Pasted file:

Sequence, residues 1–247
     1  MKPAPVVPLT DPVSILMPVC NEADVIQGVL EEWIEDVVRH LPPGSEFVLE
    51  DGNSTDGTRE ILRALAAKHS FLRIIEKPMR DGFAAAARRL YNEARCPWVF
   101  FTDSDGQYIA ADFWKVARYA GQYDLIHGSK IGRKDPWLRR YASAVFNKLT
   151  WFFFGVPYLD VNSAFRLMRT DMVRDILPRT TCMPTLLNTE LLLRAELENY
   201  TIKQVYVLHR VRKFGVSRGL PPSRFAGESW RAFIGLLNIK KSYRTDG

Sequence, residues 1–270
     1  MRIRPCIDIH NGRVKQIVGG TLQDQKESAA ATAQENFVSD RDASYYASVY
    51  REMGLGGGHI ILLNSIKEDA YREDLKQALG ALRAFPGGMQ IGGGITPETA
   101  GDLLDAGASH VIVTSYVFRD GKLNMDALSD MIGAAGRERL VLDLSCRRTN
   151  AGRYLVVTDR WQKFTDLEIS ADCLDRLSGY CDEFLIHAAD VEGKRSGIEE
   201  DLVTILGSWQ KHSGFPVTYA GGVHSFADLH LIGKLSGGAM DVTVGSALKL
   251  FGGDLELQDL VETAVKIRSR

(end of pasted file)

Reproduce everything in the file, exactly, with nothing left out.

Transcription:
Sequence, residues 1–247
     1  MKPAPVVPLT DPVSILMPVC NEADVIQGVL EEWIEDVVRH LPPGSEFVLE
    51  DGNSTDGTRE ILRALAAKHS FLRIIEKPMR DGFAAAARRL YNEARCPWVF
   101  FTDSDGQYIA ADFWKVARYA GQYDLIHGSK IGRKDPWLRR YASAVFNKLT
   151  WFFFGVPYLD VNSAFRLMRT DMVRDILPRT TCMPTLLNTE LLLRAELENY
   201  TIKQVYVLHR VRKFGVSRGL PPSRFAGESW RAFIGLLNIK KSYRTDG

Sequence, residues 1–270
     1  MRIRPCIDIH NGRVKQIVGG TLQDQKESAA ATAQENFVSD RDASYYASVY
    51  REMGLGGGHI ILLNSIKEDA YREDLKQALG ALRAFPGGMQ IGGGITPETA
   101  GDLLDAGASH VIVTSYVFRD GKLNMDALSD MIGAAGRERL VLDLSCRRTN
   151  AGRYLVVTDR WQKFTDLEIS ADCLDRLSGY CDEFLIHAAD VEGKRSGIEE
   201  DLVTILGSWQ KHSGFPVTYA GGVHSFADLH LIGKLSGGAM DVTVGSALKL
   251  FGGDLELQDL VETAVKIRSR